History, Medicine, and the Traditions of Renaissance Learning
In the past three decades, Nancy Siraisi has made a major contribution to the studies in medieval and early modern history of medicine. Yet—I would argue— her contribution largely exceeds the disciplinary limits of this field of scholarship, as Siraisi has constantly made a case for understanding medicine as part of the broader history of Renaissance learning. This book is a masterly achievement in this intellectual enterprise, showing the multiple and intimate connections between medicine and history in early modern European culture.
Between the mid-fifteenth century and the mid-seventeenth century, a number of authors trained in medicine (or regularly practicing it) were involved in the production of history texts, while many medical books published during this period presented authors’ relentless attention to historical facts, texts, and objects. This was certainly due to the fact that fifteenth- and sixteenth-century physicians [End Page 601] were also, in many respects, humanists. With the humanist intellectual community, physicians shared education, sociability, and patronage networks, as well as cultural values and—above all, and most noticeably—a general interest in antiquity and a specific engagement in the philological analysis of classical sources of learning. But, as Siraisi convincingly argues throughout this book, during these two centuries, the correlations between medicine and history appear even more profound. In fact, she points out, the theory and practice of these disciplines converge on the value assigned to empirical observation, on the attention devoted to particulars and to material evidence, and on the meticulous analysis of past texts and facts; moreover, they present noticeable similarities in their narrative constructions.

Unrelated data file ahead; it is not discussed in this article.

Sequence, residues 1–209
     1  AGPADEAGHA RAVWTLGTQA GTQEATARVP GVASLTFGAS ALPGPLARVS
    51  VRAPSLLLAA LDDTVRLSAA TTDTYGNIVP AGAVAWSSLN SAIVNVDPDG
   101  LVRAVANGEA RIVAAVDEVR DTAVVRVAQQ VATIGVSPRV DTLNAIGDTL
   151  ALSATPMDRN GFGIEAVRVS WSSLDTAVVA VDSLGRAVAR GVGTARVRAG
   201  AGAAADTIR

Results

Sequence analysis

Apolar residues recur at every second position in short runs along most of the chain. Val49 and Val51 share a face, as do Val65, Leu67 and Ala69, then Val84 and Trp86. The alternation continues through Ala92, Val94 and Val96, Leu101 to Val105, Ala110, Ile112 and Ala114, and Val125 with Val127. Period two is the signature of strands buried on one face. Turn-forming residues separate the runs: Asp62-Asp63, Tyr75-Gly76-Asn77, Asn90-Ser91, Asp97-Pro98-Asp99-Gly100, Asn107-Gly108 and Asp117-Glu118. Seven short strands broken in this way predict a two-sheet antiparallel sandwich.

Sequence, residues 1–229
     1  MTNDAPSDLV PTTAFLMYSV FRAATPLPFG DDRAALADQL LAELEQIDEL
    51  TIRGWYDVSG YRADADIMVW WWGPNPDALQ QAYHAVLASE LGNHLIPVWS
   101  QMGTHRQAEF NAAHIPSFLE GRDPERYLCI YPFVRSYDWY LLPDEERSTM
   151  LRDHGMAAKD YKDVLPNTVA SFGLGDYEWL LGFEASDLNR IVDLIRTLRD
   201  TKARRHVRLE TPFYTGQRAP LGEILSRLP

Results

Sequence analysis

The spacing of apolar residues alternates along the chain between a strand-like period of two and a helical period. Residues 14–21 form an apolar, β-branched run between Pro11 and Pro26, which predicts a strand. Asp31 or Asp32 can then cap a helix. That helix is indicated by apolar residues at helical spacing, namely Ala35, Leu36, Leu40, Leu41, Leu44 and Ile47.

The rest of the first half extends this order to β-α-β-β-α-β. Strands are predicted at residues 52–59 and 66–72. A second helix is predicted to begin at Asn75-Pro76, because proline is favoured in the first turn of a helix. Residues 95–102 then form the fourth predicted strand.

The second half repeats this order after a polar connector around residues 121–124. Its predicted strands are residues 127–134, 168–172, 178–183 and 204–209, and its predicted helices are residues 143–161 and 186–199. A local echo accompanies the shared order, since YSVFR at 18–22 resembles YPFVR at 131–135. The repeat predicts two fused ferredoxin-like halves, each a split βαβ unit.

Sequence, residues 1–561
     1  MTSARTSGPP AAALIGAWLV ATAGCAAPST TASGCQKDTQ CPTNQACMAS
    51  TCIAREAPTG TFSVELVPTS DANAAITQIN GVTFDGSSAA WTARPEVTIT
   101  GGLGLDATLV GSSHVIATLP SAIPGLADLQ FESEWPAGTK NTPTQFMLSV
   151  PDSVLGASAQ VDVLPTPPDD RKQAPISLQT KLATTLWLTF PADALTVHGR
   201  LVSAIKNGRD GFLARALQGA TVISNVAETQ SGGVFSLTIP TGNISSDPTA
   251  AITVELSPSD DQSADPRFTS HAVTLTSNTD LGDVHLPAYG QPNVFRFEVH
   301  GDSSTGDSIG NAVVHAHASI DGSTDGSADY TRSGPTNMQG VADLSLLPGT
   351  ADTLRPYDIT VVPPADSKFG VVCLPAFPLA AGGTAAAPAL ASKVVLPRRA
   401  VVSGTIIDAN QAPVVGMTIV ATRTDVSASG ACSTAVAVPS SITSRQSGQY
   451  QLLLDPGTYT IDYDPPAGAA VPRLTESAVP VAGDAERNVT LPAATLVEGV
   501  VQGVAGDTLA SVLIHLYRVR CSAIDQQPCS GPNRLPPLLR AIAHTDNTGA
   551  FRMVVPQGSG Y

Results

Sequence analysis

The amount of information that Siraisi examines is truly considerable, although—as she acknowledges—the book has no pretence of exhaustiveness. Most of the material is organized in two distinct parts: the first on the place of history in medical literature and the second on the contribution of authors trained as physicians in the specific fields of civil history and antiquarianism. Each chapter is somewhat autonomous and presents one particular aspect of the multiple possible approaches to history springing from the early modern medical world. In chapter 1, Siraisi presents sixteenth- and seventeenth-century physicians addressing historical ideas and interpretations of biblical, classical, and archaeological sources about the possibility that the human body had anatomically changed through the ages. In the next two chapters of the first section, she considers different forms of history and historical narrative employed in sixteenth-century medical texts and paratexts. In chapter 2, she looks at medical collections, such as consilia, observationes, and medical epistles; the authors of these genres of medical writing employ narrative skills and deliberate stylistic choices in order to accurately describe particular medical facts, cases, and observations. Moreover, she also looks at commentaries on two Hippocratic works, Epidemics and Airs, Waters, Places, which are often accompanied by historical digressions and examples through which the physician displayed his humanistic culture and learning. Single biographies of ancient and modern physicians, collections of biographies, medical orations, and the history of medicine or of a single medical institution (for instance, Gabriel Naudé’s history of the Paris medical school)—all written by medical authors—are examined in chapter 3; the analysis of these literary genres allows Siraisi to illustrate the increasingly conscious use of sources and historical criticism by medical writers.